OSR How do you run your combat? (B/X, BECMI, OSR)

Mannahnin

Scion of Murgen (He/Him)
It is always a choice of what you want in your game. So it really does come down to personal taste.

I want my players to be immersed in their own heads instead of looking at minis and a battle mat. I've played both styles and I like both styles for variety. In my own campign I do not want a player pointing at a figure out there and thinking, that is me.

There are tools you can use that blend styles. I make the players use a standard marching order. For complex situations I draw room diagrams on paper. Sometimes I get overwhelmed and my players remind me where they are and what they are doing. I think the real beauty of evocative make believe play is that the players have to trust their referee and the referee has to trust the players. I've rarely had people cheat, this is due to the trust relationship at the table.
Well, sometimes it's a matter of personal taste. But as you allude to by referencing the other tools you use, going "no minis and pure make believe" is sometimes making things harder on yourself and your players than it needs to be.

You don't have to use a grid map with minis, but using notes or minis or poker chips or some other kind of visual aid WILL make it easier for everyone to be on the same page in a complex encounter, and involve fewer forgotten details and reminders.

Even in a mostly TotM game, I still like minis for marching order and to show relative positions. Having "am I in reach of so and so?" or "is the cleric getting ganged up on right now?" be questions people can immediately see the answers to (and not have misunderstandings about) is example of, as the old saying goes, a picture being worth a thousand words.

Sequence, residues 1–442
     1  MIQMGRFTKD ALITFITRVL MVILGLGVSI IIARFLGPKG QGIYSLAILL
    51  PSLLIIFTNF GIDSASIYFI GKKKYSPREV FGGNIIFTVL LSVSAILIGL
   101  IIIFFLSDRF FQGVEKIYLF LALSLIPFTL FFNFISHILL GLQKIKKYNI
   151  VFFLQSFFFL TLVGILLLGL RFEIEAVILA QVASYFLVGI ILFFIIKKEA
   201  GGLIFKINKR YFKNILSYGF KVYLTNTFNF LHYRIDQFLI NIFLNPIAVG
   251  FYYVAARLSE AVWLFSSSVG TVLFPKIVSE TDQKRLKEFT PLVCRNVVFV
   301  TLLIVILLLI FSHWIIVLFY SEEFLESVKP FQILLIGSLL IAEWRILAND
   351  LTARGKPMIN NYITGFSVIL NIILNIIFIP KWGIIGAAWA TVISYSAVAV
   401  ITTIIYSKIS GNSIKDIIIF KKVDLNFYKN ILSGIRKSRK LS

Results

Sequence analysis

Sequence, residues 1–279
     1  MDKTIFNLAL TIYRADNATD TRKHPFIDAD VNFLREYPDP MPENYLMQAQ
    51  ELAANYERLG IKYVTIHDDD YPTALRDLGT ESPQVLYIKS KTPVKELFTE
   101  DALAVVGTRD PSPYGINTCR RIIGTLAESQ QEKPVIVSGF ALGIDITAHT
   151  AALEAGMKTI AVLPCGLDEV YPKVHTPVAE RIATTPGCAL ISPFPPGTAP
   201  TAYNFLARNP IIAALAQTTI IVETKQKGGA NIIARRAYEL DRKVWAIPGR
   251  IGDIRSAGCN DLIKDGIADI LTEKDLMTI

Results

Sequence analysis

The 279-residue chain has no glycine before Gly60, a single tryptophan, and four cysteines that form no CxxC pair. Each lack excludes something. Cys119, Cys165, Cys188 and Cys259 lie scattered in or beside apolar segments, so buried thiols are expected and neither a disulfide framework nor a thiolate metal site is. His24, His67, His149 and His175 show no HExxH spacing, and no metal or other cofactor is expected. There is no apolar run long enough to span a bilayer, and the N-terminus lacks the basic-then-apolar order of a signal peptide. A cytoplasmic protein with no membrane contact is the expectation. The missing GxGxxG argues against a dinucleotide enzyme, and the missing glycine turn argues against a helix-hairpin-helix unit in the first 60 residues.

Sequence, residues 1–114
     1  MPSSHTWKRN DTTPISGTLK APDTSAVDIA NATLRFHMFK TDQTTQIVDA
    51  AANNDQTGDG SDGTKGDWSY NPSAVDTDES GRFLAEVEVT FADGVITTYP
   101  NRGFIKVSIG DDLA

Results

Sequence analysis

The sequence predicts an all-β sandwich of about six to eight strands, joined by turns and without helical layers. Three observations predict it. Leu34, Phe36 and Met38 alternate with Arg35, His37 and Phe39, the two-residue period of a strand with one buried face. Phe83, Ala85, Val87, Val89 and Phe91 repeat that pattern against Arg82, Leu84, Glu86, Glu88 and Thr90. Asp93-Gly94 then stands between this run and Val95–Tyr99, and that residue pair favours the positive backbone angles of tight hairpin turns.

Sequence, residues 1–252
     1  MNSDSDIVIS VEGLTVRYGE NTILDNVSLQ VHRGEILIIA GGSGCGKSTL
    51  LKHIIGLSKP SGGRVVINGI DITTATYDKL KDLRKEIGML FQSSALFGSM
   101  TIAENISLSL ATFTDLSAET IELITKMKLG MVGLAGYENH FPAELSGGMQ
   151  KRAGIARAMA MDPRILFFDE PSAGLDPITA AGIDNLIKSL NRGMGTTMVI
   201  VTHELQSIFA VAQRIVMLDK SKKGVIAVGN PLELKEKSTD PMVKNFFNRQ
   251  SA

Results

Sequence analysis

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Well, sometimes it's a matter of personal taste. But as you allude to by referencing the other tools you use, going "no minis and pure make believe" is sometimes making things harder on yourself and your players than it needs to be.

You don't have to use a grid map with minis, but using notes or minis or poker chips or some other kind of visual aid WILL make it easier for everyone to be on the same page in a complex encounter, and involve fewer forgotten details and reminders.

Even in a mostly TotM game, I still like minis for marching order and to show relative positions. Having "am I in reach of so and so?" or "is the cleric getting ganged up on right now?" be questions people can immediately see the answers to (and not have misunderstandings about) is example of, as the old saying goes, a picture being worth a thousand words.
I just have my own way of doing things. You would need to experience how I run to understand it.

I run groups as big as 15 PCs sometimes. Combat is fast and furious. (Why I do not use initiative in my games as it slows things down.)

My preference is to have everything on paper so the player made maps, movement orders, combat situations, etc, can be handed around for people to hold and see.

Been doing it like this since 1977. I think it is important for every DM to create their own system for how they run.
 

Mannahnin

Scion of Murgen (He/Him)
I just have my own way of doing things. You would need to experience how I run to understand it.

I run groups as big as 15 PCs sometimes. Combat is fast and furious. (Why I do not use initiative in my games as it slows things down.)

My preference is to have everything on paper so the player made maps, movement orders, combat situations, etc, can be handed around for people to hold and see.